wildlife habitat management practices
White-tailed deer and mule deer represent the two most popular big game animals in South Dakota. Areas east of the Missouri River are dominated by whitetails with isolated pockets of mule deer. The area west of the Missouri River has many areas dominated by mule deer with whitetails increasing in wooded riparian areas and those areas with increasing agricultural areas.
East River has become a haven for whitetails with its maze of shelterbelts interspersed with wetland vegetation, cropped fields, and CRP. Managing for whitetails in this landscape is very similar to managing for other resident species such as pheasants.
Wide woody habitat planting provide security for young fawns and bedding areas for adults. Woody plantings also provide a good food source in the form of browse. Areas annually disked and left fallow provide areas with annual sunflowers and other weeds that are used extensively for food during the spring and summer. Food plots attract deer to your property and can provide nutrition year round. Restoring wetlands and planting warm season native grasses provide ample places for deer to bed and travel in security. Deer also must drink regularly and need a consistent source of water.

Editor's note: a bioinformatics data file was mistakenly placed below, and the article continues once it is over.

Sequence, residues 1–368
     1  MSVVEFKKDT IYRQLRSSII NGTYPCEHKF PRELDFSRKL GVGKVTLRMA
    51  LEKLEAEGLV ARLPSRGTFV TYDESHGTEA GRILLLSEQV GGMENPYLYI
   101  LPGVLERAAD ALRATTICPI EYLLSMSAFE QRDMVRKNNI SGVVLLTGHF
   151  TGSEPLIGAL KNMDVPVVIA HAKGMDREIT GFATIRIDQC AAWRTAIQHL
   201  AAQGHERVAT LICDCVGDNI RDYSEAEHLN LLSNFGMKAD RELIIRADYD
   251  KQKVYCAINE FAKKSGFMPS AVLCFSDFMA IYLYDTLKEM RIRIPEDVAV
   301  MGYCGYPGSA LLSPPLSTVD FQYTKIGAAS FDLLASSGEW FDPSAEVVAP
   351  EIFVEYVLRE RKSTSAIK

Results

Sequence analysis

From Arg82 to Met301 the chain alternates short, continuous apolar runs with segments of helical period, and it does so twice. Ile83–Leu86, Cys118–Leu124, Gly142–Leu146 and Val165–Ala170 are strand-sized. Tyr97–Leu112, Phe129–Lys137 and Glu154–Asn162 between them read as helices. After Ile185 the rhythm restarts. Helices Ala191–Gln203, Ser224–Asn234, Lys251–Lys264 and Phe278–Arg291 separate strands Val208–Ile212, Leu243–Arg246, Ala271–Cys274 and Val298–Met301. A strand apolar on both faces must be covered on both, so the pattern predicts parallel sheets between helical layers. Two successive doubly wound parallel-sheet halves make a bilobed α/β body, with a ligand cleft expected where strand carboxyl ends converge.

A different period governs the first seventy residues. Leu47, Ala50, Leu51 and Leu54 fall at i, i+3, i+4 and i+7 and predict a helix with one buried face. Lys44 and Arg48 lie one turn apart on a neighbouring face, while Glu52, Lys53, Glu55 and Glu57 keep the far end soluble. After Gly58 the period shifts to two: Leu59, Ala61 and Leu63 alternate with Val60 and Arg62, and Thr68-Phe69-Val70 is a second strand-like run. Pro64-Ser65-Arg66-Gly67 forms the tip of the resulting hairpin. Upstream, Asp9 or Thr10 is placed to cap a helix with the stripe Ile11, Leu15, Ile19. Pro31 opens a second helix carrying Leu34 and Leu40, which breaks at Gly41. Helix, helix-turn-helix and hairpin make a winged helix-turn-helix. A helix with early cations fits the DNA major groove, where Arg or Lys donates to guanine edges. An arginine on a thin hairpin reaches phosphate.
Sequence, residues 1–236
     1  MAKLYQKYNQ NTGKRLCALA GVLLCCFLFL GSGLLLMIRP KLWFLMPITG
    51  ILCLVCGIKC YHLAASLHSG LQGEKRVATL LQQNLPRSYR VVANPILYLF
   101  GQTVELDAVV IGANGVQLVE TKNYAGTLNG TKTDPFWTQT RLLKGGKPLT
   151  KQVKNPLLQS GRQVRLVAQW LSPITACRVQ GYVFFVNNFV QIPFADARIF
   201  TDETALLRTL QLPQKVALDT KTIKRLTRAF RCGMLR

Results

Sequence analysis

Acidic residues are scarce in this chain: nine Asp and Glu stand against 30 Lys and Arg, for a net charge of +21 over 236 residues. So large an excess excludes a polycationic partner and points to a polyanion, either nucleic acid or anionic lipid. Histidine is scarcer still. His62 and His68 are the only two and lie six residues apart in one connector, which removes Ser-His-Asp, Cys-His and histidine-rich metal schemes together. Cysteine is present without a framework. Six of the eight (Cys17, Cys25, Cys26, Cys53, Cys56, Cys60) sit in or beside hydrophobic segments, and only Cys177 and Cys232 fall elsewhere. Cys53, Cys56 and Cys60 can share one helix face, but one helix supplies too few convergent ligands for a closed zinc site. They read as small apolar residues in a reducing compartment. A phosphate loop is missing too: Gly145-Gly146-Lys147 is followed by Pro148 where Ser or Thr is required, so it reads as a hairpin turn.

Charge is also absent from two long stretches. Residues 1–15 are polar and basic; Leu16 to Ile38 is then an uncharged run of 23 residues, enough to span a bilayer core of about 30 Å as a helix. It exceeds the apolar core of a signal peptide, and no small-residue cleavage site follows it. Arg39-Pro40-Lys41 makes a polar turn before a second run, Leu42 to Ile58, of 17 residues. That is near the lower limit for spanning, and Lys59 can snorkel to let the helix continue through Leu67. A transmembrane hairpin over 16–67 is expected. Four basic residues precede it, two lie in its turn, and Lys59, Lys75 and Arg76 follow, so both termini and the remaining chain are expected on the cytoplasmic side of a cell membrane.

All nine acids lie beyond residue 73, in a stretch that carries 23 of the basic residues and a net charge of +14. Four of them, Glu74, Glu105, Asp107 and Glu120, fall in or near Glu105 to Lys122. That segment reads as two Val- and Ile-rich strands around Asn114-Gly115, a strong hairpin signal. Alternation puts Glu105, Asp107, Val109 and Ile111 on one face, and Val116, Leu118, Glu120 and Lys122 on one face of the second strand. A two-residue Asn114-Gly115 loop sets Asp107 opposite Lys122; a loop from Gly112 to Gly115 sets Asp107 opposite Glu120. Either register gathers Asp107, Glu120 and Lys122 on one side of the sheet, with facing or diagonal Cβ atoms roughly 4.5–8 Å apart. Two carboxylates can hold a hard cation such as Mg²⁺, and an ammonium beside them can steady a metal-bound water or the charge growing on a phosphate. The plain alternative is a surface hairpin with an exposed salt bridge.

West River deer management focuses on improving riparian areas and improving native range condition. Both whitetail and mule deer also feed heavily on native trees and shrubs in riparian areas. Properly managed pastures provide bedding areas and better feed in the form of native prairie legumes and other forbs. As with East River deer management, a reliable source of water is important for deer management on your property.